Backyard Vineyard’s current location is on a five-acre parcel that was originally a private, family-owned winery established in 2000. After a series of ownership changes, the company was purchased by Ontario-based Diamond Estates Wine and Spirits in 2018. Berti notes that Backyard was the company’s first West Coast acquisition.

Diamond Estate’s reach has allowed the winery to source much of its fruit from a number of vineyards it leases in B.C.’s interior. They include varieties such as Chardonnay, Syrah and Cabernet Franc from Osoyoos, near the Canada-U.S. border; and Pinot Gris, Chardonnay and Merlot from Oliver, located a bit further north at the southern end of the Okanagan Valley.

But Backyard’s “pride and joy,” as Berti like to refer to it, is the 4 1/2 acres of Pinot Noir grown on the estate. All of the Pinot goes into the winery’s two sparkling wines, a Blanc de Noir and a Sparkling Rosé that are vibrantly colored and stylistically high acid and food friendly by Liam’s design. These wines are also the only ones the winery produces with a specific wine region designation on the label, the Fraser Valley.

“The designation tells you a story about where the wine comes from (and) to my knowledge, we’re the only ones making sparkling from Pinot Noir in the Valley,” he said. The Blanc de Noir, which is sold exclusively at the tasting room, is really “the wine that people associate with us.”


Beyond sparkling wine, there’s a realm of possibilities at Backyard Vineyards. White wines include a lighter style, slightly floral 2018 Bacchus, partially oak barrel-fermented reserve versions of 2017 Chardonnay and 2018 Viognier and even a seven-varietal blend (aptly named for backyarders) as ‘Nosey Neighbour White.’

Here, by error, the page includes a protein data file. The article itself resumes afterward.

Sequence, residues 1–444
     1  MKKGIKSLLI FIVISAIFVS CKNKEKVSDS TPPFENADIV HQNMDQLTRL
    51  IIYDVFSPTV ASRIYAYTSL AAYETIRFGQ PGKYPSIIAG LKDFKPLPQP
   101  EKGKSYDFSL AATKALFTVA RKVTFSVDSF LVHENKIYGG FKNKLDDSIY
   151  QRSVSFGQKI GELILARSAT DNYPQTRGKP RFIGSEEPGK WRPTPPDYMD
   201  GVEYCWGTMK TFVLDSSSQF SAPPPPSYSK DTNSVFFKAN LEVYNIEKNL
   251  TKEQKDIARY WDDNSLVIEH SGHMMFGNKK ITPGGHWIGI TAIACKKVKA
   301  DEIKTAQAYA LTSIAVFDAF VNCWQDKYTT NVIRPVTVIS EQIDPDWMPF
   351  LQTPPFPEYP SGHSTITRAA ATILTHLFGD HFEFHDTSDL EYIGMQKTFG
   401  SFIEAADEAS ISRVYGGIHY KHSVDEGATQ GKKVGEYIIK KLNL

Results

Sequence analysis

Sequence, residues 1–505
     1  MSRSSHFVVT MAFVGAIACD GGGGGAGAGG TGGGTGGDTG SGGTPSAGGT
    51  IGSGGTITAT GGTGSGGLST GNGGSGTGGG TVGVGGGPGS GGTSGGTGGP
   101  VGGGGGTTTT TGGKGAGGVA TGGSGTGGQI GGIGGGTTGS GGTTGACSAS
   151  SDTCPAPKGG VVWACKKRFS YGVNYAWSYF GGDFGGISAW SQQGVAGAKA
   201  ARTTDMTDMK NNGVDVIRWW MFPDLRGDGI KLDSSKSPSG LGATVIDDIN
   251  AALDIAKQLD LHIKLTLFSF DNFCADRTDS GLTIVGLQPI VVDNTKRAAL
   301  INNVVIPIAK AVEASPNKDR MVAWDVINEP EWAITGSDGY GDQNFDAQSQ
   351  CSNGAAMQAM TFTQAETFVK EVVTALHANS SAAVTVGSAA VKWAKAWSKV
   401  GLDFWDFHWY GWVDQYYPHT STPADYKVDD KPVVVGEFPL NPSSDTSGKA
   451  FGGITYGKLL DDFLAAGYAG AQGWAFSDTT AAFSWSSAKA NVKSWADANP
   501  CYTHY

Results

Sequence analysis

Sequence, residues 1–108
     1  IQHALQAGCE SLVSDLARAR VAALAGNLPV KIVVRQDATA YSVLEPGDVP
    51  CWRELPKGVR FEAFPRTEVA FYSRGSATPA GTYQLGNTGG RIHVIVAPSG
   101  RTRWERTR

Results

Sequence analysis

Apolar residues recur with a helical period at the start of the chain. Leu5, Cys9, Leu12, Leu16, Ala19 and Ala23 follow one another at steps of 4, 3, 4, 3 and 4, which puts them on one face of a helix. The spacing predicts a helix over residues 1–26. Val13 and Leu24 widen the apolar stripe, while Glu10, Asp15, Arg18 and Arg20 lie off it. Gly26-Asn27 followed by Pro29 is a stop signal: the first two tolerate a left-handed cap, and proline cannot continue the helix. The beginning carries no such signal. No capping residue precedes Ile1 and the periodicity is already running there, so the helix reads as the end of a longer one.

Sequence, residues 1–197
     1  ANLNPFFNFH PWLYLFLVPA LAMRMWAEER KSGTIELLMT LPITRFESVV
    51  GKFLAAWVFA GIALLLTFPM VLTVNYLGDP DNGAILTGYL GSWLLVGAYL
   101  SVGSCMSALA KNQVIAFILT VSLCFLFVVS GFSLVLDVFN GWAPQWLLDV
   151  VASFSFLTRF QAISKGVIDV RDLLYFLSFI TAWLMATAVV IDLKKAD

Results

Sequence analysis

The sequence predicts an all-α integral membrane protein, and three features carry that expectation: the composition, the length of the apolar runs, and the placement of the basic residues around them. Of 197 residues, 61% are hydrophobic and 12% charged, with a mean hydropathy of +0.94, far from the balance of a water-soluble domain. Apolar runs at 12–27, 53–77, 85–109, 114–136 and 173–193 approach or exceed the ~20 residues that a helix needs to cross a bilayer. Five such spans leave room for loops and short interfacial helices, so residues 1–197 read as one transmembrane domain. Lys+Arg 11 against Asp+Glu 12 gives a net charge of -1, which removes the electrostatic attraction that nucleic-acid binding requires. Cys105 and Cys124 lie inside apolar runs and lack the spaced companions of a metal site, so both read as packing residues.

Red wine drinkers will enjoy a delicious 2017 Cabernet-Merlot blend, a stunning 2017 Reserve Syrah and a mind-numbingly good 2017 Reserve Cabernet Franc. All of these wines are beautifully crafted in a balanced style that leans toward understated fruit flavors and Old World character. “For us, it’s about showing the best that B.C. fruit can do,” he said.

Guests at the winery can also nosh on a cheese platter or charcuterie plate in the tasting room, listen to acoustic music in the gazebo during the summer music series, or enjoy wine in the picnic area, all as part of the Backyard experience.

Backyard Vineyards is just a short distance north of the Canadian border, which makes it a comfortable 2 1/2 hour drive from the Seattle area, plus border crossing time.

U.S. visitors will also be pleased to know that Washington state liquor regulations allow their first liter of wine purchased in Canada to be brought back into Washington duty free. And here’s where it gets even better: any quantity purchased in excess of the first liter is only charged at the dirt-cheap rate of 17 cents per 750-milliliter bottle.

Berti also notes that there are about 10 other wineries in the greater Langley/Abbotsford vicinity, not including nearby cideries and meaderies. That makes it an ideal place for wine enthusiasts to take a break from their own backyard and enjoy the hospitality and wines at their neighbors to the north.

DAN RADIL is a freelance wine writer based in Bellingham, Wash. Dan teaches wine classes at Bellingham Technical College and produces a wine blog, danthewineguy.com.


3033 232nd Street

Langley, British Columbia V2Z 3A8

Hours: Monday through Thursday, 11 am to 5 pm

Friday through Sunday, 11 am to 6 pm

Phone: (604) 539-9463


Copyright Privacy Policy Terms of Service